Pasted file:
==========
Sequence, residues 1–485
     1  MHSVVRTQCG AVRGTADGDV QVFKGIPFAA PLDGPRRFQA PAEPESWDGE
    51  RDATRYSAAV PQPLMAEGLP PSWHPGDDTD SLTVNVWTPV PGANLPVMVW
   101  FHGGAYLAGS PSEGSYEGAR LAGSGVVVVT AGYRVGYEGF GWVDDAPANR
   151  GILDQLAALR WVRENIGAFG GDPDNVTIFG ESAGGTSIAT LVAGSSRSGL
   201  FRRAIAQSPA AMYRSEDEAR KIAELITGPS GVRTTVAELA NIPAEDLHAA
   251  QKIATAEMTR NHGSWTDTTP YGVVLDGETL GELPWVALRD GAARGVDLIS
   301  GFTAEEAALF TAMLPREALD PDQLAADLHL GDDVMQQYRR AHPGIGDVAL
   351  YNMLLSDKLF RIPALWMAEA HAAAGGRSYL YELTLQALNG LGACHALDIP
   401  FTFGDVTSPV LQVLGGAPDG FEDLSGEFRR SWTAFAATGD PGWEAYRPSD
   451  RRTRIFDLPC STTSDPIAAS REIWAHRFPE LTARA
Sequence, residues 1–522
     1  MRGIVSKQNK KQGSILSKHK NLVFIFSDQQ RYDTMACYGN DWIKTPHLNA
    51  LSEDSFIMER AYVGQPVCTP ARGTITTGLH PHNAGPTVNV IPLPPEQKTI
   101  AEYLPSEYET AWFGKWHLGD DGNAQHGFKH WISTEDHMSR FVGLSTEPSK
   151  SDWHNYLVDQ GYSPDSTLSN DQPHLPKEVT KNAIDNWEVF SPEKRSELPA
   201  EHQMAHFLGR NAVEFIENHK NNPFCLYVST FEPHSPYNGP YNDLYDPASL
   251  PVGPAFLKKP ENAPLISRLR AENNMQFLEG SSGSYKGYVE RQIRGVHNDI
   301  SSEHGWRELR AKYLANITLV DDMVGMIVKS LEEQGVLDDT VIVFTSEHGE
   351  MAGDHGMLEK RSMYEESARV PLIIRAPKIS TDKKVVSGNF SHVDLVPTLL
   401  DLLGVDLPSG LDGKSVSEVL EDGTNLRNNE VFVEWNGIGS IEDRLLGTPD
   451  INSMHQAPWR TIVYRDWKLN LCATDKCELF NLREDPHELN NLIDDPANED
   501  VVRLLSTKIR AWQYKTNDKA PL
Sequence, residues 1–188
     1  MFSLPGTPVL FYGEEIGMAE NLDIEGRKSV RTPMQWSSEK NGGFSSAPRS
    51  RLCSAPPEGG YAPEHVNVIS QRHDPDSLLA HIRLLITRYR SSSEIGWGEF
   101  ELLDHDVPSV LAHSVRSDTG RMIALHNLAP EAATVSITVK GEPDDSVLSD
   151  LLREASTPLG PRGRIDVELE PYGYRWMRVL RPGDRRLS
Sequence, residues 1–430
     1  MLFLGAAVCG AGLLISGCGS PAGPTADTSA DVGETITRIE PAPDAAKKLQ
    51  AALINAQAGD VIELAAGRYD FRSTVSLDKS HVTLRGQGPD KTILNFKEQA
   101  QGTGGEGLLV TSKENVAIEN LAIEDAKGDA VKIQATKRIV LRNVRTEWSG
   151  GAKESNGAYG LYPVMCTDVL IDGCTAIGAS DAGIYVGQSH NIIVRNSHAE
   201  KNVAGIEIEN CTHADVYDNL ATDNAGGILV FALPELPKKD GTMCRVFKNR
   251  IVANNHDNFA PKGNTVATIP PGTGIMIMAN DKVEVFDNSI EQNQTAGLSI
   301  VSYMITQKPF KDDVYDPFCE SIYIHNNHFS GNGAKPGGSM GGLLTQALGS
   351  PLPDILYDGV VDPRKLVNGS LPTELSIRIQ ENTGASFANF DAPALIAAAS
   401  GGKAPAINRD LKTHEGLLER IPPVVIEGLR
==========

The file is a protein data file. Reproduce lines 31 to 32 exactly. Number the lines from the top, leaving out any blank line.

    51  AALINAQAGD VIELAAGRYD FRSTVSLDKS HVTLRGQGPD KTILNFKEQA
   101  QGTGGEGLLV TSKENVAIEN LAIEDAKGDA VKIQATKRIV LRNVRTEWSG